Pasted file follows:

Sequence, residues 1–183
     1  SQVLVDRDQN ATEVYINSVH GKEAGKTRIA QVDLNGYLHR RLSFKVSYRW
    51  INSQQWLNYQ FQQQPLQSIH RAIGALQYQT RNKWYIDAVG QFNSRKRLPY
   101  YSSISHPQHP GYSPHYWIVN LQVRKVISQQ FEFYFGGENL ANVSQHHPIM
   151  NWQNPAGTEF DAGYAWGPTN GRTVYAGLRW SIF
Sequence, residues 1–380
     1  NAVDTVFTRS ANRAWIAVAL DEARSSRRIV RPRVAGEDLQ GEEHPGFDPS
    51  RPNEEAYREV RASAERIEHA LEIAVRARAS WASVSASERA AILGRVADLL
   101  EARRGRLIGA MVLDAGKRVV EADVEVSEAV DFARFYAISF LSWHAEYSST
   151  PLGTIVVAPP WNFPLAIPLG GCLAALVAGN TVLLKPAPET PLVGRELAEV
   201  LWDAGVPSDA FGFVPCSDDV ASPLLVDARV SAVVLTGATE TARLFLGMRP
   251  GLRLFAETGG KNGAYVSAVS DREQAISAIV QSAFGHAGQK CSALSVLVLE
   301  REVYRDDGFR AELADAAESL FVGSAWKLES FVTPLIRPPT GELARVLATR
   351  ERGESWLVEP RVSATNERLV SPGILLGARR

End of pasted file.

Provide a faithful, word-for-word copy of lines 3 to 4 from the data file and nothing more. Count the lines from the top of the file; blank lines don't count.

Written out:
    51  INSQQWLNYQ FQQQPLQSIH RAIGALQYQT RNKWYIDAVG QFNSRKRLPY
   101  YSSISHPQHP GYSPHYWIVN LQVRKVISQQ FEFYFGGENL ANVSQHHPIM